Some days ago I presented at CSIS a new paper, Aid for eTrade – Accelerating the Global eCommerce Revolution, that I wrote as CSIS Adjunct Fellow with the support of eBay.
The paper argues that a quiet revolution is taking place in international trade without government policy direction or much public fanfare: the rise of cross-border online trade as individuals and businesses of all sizes engage in trade by selling goods and services online. Lowering the costs for companies to trade across borders, ecommerce holds extraordinary potential for expanding global trade, promoting small business exports and entrepreneurship in the United States and around the world, and boosting export diversification and international development. Yet much of the world and most businesses are still not connected to the web. In addition, several of the countries that have relatively good information and communications technology (ICT) capabilities and Internet usage rates struggle to translate their connectedness into exports and economic gains. What is more, numerous new policy barriers to ecommerce and the global digital economy are cropping up, such as data protectionism.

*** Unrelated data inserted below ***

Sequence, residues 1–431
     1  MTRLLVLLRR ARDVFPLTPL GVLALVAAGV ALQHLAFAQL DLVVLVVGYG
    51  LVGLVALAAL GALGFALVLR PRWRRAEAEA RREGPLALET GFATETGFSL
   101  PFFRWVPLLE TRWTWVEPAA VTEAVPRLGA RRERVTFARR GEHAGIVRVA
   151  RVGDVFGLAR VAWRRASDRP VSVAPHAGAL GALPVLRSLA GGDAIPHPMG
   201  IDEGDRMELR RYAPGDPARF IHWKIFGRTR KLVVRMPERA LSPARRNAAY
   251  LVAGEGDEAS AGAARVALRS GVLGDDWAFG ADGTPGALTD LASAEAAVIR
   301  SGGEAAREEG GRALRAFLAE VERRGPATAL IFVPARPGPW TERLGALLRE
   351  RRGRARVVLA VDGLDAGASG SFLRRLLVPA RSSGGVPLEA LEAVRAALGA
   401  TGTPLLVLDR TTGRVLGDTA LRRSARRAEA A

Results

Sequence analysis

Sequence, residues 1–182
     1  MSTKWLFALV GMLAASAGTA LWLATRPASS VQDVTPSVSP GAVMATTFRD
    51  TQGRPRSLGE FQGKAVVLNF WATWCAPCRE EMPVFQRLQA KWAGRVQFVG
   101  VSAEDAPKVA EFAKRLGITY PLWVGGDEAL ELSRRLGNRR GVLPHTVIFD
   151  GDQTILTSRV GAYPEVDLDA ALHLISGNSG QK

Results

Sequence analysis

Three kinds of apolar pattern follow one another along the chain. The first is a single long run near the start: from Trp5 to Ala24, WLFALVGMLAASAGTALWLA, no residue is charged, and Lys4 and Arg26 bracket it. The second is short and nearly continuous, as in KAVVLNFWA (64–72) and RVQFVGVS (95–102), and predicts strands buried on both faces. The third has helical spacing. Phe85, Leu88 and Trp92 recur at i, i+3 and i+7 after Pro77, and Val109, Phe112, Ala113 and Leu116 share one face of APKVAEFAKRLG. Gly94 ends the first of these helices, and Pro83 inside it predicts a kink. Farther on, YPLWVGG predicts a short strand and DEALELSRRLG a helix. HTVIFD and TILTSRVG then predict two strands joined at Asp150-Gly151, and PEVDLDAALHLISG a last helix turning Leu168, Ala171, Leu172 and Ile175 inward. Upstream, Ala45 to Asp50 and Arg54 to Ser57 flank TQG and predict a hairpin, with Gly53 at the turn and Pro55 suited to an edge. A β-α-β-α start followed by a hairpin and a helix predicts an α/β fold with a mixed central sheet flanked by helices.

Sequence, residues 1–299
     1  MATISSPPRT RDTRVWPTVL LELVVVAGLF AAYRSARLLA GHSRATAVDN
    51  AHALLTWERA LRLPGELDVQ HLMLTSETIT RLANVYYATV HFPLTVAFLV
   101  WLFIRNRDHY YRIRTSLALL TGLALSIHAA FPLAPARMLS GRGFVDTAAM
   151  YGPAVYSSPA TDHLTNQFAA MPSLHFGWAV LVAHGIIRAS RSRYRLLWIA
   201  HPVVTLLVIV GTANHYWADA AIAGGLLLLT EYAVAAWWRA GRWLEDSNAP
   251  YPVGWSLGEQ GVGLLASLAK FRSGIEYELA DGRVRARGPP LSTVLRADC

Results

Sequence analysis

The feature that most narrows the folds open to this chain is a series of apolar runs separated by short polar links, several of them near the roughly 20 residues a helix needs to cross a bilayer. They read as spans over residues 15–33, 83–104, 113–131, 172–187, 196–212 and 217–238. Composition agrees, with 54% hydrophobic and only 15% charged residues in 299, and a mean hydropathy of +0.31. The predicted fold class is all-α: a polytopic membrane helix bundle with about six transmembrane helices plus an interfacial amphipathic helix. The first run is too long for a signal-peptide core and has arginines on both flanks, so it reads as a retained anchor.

The working paper proposes forward-looking policies and programs to overcome these challenges and accelerate developing nations’ transition to the digital era and ecommerce. Such policies and programs can be grouped under a coherent framework and initiative, “Aid for eTrade.” Aid for eTrade as proposed here is a close cousin of the global Aid for Trade initiative, which has over the past decade channeled more than $200 billion in bilateral and multilateral trade-related assistance to developing nations. Aid for eTrade has two main legs: (1) $100 billion in public and private investments in 2015-2020 in information technologies, computerization, e-training, and ecommerce-related logistics and capacity-building in developing countries; and (2) robust technical assistance for governments around the world to establish policies and regulatory frameworks conducive to unfettered cross-border ecommerce. While Aid for eTrade would most immediate benefit developing nations, it can also be a powerful catalyst of U.S. small business exports.
Link to event site is here; you can watch event video here: